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Effect of high and low glycaemic index recovery diets on intramuscular lipid oxidation during aerobic exercise

Lookup NU author(s): Professor Mike TrenellORCiD



Intramyocellular lipid (IMCL) and plasma NEFA are important skeletal muscle fuel sources. By raising blood insulin concentrations, carbohydrate ingestion inhibits lypolysis and reduces circulating NEFA. We hypothesised that differences in the postprandial glycaemic and insulin response to carbohydrates (i.e. glycaemic index; GI) could alter NEFA availability and IMCL use during subsequent exercise. Endurance-trained individuals (n 7) cycled for 90 min at 70% VO2peak and then consumed either high GI (HGI) or low GI (LGI) meals over the following 12 h. The following day after an overnight fast, the 90 min cycle was repeated. IMCL content of the vastus lateralis was quantified using magnetic resonance spectroscopy before and after exercise. Blood samples were collected at 15 min intervals throughout exercise and analysed for NEFA, glycerol, glucose, insulin, and lactate. Substrate oxidation was calculated from expired air samples. The 90 min cycle resulted in >2-fold greater reduction in IMCL in the HGI trial (3.5 (sem 1.0) mm/kg wet weight) than the LGI trial (1.6 (sem 0.3) mm/kg wet weight, P<0.05). During exercise, NEFA availability was reduced in the HGI trial compared to the LGI trial (area under curve 2.36 (sem 0.14) mEq/l per h v. 3.14 (sem 0.28) mEq/l per h, P< 0.05 respectively). No other differences were significant. The findings suggest that HGI carbohydrates reduce NEFA availability during exercise and increase reliance on IMCL as a substrate source during moderate intensity exercise. © 2007 The Authors.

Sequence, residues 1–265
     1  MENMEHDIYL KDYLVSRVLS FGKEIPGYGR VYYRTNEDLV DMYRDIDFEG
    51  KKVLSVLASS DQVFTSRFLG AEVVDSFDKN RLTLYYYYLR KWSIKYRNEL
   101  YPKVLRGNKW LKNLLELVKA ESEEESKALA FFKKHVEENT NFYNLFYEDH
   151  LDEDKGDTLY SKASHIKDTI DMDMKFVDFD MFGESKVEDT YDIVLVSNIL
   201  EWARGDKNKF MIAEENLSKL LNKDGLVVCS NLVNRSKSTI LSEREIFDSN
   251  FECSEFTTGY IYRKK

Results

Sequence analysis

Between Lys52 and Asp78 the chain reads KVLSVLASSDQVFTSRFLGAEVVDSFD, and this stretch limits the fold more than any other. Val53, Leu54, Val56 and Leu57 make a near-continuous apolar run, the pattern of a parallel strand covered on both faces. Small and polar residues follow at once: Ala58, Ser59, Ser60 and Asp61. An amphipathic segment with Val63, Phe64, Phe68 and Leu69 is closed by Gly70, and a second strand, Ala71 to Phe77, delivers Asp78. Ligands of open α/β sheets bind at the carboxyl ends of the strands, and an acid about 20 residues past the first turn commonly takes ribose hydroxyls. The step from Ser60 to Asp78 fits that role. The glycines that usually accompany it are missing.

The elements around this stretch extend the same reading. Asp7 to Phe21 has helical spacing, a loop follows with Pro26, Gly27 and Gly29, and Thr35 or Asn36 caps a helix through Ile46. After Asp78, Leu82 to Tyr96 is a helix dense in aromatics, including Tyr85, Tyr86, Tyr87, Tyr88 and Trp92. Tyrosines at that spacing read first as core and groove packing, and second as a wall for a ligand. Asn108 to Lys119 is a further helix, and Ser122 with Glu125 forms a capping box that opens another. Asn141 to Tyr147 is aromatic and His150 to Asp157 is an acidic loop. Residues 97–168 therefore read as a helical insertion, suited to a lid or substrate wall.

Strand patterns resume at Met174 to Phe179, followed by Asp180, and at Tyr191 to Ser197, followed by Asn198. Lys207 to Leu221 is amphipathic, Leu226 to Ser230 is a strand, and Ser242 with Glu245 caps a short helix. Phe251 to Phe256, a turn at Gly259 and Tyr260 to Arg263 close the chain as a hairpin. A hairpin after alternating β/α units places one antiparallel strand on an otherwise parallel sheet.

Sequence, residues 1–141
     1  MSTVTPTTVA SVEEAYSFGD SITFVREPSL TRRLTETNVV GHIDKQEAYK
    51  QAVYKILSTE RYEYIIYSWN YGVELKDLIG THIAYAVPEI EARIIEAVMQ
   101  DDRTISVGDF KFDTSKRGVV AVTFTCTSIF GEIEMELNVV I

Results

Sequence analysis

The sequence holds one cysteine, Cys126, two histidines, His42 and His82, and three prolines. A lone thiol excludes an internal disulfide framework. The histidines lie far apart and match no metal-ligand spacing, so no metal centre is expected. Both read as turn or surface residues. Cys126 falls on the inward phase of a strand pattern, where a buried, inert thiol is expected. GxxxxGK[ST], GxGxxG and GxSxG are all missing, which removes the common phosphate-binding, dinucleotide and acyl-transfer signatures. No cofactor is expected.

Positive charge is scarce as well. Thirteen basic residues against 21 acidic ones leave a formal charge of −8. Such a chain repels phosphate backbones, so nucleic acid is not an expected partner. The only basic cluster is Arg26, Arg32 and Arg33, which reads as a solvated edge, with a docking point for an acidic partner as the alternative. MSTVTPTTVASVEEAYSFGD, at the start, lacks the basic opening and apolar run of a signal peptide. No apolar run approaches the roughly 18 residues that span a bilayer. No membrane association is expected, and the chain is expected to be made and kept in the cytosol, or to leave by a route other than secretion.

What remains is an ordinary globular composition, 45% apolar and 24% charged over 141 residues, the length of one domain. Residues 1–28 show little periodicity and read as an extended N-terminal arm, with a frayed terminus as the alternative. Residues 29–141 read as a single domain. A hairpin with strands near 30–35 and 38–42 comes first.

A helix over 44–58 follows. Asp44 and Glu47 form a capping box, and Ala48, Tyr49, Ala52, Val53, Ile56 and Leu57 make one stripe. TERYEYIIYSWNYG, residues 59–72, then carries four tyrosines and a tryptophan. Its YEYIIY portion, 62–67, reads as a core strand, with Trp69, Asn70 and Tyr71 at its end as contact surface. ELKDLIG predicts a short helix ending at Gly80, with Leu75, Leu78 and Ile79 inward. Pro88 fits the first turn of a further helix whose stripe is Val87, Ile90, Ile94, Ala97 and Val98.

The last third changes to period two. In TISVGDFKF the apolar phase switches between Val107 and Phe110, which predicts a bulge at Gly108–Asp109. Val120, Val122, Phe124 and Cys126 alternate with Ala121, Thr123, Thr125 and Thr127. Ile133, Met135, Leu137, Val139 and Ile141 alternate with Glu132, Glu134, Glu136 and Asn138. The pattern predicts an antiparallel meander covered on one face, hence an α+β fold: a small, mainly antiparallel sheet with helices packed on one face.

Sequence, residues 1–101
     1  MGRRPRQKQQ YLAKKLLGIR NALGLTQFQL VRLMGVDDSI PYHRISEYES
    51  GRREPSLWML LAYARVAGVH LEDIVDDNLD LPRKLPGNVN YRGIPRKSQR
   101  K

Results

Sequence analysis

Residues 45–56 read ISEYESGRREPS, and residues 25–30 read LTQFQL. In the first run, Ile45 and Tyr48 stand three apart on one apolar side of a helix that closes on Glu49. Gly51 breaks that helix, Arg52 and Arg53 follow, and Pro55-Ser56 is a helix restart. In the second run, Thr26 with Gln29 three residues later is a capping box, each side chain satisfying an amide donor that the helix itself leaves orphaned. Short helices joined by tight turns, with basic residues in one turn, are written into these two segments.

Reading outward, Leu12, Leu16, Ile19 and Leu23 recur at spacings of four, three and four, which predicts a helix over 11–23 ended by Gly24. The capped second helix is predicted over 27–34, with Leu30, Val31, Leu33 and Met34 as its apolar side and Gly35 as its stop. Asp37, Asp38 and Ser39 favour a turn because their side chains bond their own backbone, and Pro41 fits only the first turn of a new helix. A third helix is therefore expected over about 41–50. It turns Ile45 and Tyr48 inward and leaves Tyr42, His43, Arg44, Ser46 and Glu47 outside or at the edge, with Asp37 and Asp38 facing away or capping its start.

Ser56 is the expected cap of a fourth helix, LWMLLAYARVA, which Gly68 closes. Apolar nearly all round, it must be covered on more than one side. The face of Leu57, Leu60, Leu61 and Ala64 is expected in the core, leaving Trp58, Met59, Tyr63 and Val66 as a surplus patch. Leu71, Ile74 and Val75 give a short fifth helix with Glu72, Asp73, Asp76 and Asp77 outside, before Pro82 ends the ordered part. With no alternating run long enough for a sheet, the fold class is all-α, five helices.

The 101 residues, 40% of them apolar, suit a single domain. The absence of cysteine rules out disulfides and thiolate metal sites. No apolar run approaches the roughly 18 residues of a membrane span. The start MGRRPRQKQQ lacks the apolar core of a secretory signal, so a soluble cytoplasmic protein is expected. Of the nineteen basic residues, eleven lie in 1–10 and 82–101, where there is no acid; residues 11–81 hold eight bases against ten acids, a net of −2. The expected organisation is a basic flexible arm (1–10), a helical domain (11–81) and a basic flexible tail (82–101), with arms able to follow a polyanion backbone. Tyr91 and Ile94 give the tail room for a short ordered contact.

Publication metadata

Author(s): Trenell MI, Stevenson E, Stockmann K, Brand-Miller J

Publication type: Article

Publication status: Published

Journal: British Journal of Nutrition

Year: 2008

Volume: 99

Issue: 2

Pages: 326-332

Date deposited: 23/03/2011

ISSN (print): 0007-1145

ISSN (electronic): 1475-2662

Publisher: Cambridge University Press


DOI: 10.1017/S0007114507798963

PubMed id: 17697427


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Funder referenceFunder name
MC_G0802536Medical Research Council